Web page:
‘Beating the Nazi Invader: Hitler’s Spies, Saboteurs and Secrets in Britain’ is by Neil Storey
It examines how, before the war, the Hitler Youth paraded down Whitehall and ran cycle tours around Britain which took them to strategic ports and industrial centres.
Undercover German agents were operating across Britain to pick up intelligence about the country, while others monitored Germans working or studying in the UK.
Among those sending details to Germany were the 25,000 German girls working as maids in private houses, and German students studying at Britain’s universities.
Beating the Nazi Invader: Hitler’s Spies, Saboteurs and Secrets in Britain by Neil R Storey is published by Pen & Sword and is on sale for £25. To order a copy for £22 (offer valid to November 24, 2020; free UK P&P), click here or call 020 3308 9193.
Roundups, death squads and robbing Nelson’s Column: Hitler’s plans for Britain after a successful invasion
If the Nazis had won the war, one of the dictator’s first priorities was the arrest of those who made his Black Book.
Compiled by Walter zu Christian, the ‘Special Wanted List’ included obvious figures such as Winston Churchill and Anthony Eden.
But others listed for probable liquidation included Noel Coward, Virginia Woolf and E.M. Forster.
His death squads – Einsatzgruppen – would round up anybody deemed to be a subversive, including Jews and intellectuals.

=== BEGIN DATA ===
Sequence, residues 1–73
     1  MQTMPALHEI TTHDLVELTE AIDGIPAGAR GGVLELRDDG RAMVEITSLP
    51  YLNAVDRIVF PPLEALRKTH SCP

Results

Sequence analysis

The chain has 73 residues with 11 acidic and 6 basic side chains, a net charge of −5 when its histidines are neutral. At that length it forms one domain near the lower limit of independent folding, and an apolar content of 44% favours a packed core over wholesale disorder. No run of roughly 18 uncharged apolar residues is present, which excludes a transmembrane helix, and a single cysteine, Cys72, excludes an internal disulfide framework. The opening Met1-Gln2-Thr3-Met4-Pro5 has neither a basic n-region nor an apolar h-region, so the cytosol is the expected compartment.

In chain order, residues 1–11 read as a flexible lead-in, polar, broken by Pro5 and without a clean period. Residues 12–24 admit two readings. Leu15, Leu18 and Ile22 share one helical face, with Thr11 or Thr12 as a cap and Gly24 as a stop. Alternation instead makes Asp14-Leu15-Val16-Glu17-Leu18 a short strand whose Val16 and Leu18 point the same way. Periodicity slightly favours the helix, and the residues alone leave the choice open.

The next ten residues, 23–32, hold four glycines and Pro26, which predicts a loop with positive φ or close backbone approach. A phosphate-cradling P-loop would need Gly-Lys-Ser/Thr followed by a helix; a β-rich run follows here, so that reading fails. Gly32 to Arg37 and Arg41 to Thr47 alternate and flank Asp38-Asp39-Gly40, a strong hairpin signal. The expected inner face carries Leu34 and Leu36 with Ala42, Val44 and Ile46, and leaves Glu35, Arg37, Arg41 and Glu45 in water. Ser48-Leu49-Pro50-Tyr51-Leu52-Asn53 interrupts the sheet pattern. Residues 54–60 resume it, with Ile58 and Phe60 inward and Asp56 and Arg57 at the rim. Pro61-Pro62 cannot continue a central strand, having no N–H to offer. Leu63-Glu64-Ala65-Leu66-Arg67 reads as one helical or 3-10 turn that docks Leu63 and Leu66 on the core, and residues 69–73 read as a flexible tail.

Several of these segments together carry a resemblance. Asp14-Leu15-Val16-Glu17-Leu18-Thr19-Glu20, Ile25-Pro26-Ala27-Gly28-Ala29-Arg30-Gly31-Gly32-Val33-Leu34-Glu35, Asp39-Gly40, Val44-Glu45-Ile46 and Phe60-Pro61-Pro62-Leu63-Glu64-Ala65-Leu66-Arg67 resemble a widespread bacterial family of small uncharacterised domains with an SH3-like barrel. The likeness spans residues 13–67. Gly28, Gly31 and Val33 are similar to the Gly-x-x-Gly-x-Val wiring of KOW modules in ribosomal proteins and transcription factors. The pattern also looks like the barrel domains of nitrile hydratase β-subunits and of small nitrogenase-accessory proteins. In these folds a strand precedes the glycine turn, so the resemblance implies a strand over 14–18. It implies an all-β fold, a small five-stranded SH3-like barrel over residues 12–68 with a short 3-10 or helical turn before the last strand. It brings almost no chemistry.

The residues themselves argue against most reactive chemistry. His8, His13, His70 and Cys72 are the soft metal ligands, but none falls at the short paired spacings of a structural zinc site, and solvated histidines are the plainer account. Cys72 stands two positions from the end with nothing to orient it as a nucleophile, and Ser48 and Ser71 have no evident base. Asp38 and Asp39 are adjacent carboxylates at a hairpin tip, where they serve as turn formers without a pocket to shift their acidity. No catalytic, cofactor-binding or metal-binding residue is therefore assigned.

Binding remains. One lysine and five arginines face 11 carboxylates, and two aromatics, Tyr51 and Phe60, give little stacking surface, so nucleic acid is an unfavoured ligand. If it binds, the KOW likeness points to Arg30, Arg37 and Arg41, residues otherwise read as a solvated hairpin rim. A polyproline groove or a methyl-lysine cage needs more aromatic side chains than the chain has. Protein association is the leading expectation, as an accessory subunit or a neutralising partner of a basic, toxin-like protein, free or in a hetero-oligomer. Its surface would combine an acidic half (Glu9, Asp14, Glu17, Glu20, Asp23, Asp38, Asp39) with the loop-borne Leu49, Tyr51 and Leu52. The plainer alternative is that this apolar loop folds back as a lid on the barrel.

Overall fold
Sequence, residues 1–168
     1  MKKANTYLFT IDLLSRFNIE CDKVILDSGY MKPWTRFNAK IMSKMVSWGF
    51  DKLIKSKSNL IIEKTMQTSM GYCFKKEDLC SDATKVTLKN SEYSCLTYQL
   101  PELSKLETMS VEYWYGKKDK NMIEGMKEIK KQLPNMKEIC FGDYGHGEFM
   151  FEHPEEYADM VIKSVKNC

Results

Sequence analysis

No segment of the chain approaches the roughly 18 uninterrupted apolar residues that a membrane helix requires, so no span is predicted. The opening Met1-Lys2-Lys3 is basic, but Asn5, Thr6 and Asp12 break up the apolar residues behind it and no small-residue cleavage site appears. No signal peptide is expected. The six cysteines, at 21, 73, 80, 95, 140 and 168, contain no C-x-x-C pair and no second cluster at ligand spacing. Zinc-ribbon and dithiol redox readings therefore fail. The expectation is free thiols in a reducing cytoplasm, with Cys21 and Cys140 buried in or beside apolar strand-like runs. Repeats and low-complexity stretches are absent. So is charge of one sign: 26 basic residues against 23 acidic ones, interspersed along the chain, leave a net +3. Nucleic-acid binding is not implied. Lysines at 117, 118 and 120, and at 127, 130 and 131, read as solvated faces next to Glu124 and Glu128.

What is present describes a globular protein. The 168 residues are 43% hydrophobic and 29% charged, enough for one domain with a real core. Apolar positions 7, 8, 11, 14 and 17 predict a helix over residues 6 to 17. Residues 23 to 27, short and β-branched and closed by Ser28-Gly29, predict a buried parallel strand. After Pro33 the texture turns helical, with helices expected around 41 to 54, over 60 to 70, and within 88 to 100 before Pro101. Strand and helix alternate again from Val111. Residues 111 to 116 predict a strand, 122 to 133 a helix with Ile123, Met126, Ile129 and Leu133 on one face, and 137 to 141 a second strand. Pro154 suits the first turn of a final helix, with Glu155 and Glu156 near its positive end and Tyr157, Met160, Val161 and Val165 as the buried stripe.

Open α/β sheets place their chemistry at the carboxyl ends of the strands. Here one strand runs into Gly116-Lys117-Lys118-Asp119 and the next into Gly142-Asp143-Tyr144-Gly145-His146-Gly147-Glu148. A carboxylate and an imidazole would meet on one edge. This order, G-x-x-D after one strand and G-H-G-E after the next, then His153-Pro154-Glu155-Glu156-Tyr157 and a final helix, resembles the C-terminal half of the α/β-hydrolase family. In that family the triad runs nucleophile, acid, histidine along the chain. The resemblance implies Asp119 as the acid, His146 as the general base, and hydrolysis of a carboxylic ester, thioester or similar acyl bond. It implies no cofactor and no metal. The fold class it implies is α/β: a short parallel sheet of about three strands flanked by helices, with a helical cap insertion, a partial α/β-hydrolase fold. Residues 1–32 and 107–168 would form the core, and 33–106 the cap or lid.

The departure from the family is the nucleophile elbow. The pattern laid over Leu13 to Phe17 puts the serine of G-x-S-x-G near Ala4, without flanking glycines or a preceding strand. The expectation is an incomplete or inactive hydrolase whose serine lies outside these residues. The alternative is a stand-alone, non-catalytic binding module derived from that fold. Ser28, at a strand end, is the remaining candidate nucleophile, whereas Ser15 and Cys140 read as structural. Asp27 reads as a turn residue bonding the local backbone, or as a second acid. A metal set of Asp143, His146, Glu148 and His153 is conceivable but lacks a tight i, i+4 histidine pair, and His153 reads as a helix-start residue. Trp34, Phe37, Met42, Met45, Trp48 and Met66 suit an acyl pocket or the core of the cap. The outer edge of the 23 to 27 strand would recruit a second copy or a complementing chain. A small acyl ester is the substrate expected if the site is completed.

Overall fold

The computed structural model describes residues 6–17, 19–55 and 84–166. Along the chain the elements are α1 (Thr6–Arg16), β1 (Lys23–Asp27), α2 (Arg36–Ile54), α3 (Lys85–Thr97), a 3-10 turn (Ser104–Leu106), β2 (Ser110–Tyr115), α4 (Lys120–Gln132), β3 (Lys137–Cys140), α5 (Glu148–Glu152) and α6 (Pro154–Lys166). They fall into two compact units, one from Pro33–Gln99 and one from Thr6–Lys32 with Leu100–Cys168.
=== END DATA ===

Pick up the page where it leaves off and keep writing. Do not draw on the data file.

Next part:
He also wanted to make Oxford the new capital, reducing London’s status to a Nazi base.
His plans for London didn’t end there – he wanted to rob it of Nelson’s Column and transport it to Berlin as a victory trophy.
Other strongholds were planned for Birmingham, Newcastle, Dublin, Liverpool and Glasgow.
Hitler’s vision for the UK also included transforming Blackpool into a resort in which his troops could unwind.
The plans explain why a town that built hundreds of Wellington Bombers remained largely untouched in the Blitz.
The leader wanted to snatch Blenheim Palace as his own home. His nemesis Winston Churchill had lived there as a boy.
He also wanted to depose George VI in favour of Edward VIII, who had visited him before the war’s outbreak.